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Confold Pac., Inc. v. Polaris Indus. - 433 F.3d 952 (7th Cir. 2006)


Wisconsin law denies recovery for unjust enrichment if all the defendant has done is use (to his profit) an idea of the plaintiff that is not a trade secret.


Defendant Polaris Industries is a manufacturer of snowmobiles and other vehicles. Polaris used to ship its vehicles in disposable containers, but in 1993 it began considering the possibility of using returnable containers instead. ConFold Pacific Inc. was a new company that wanted to produce such containers, and in the following two years, assisted by a management consulting and software development firm, it conducted a "reverse logistics analysis" of Polaris's shipping needs.  After ConFold conducted an analysis of Polaris' shipping needs pursuant to a non-disclosure agreement, Polaris sent out a request for proposals to supply reusable containers.  Of the nine proposals submitted, including one from ConFold, none were chosen. Rather, Polaris subsequently began using its "own" designed container. Alleging that Polaris' container was based on its design, ConFold sued Polaris for breach of contract and unjust enrichment. The district court granted summary judgment for Polaris, and ConFold sought appellate review.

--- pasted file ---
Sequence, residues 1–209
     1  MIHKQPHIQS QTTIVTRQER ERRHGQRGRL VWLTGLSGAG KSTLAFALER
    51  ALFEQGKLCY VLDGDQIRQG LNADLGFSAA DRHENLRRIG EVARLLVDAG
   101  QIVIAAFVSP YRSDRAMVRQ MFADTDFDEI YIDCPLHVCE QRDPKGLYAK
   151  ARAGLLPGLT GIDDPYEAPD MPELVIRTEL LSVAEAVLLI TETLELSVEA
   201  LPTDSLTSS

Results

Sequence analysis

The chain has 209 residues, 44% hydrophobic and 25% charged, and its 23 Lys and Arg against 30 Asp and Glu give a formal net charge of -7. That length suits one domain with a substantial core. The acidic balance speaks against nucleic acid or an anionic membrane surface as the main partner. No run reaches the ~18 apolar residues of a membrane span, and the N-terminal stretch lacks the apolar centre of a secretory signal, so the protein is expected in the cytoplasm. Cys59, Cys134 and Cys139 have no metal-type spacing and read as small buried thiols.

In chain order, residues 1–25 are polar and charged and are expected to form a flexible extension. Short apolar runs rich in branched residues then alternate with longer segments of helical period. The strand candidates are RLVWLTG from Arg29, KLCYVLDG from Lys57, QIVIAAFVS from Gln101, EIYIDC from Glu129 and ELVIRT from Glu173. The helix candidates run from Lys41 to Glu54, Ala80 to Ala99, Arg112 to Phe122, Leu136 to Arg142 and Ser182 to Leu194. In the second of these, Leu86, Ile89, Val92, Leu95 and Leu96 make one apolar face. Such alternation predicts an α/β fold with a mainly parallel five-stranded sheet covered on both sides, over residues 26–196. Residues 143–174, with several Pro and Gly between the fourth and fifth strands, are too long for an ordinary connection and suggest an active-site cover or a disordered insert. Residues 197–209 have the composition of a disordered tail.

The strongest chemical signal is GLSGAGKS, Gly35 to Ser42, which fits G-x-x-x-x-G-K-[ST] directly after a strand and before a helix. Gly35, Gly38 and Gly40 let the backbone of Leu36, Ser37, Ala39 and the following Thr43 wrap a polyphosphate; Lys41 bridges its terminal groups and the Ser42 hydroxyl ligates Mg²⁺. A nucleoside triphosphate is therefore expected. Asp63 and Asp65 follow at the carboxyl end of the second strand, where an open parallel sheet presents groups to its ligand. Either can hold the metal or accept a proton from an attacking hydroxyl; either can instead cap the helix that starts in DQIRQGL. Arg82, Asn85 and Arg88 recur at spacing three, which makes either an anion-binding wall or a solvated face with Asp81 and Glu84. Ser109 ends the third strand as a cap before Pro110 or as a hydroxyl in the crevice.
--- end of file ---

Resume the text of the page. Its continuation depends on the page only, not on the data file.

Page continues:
Was defendant manufacturer unjustly enriched from using a reusuable container allegedly based on plaintiff's design?




The court of appeals found that summary judgment was proper on the contract claim because, based on the undisputed extrinsic evidence considered by the district court, the non-disclosure agreement did not apply to the container design. Unjust enrichment theories did not apply, and Polaris did not misappropriate any trade secret. Although a tort existed for misappropriation or unfair competition arising from "free riding" on information, ConFold made no effort to establish the elements of that tort. Instead, ConFold sought to claim infringement of a design that it did not patent, and such a claim was preempted by patent law.

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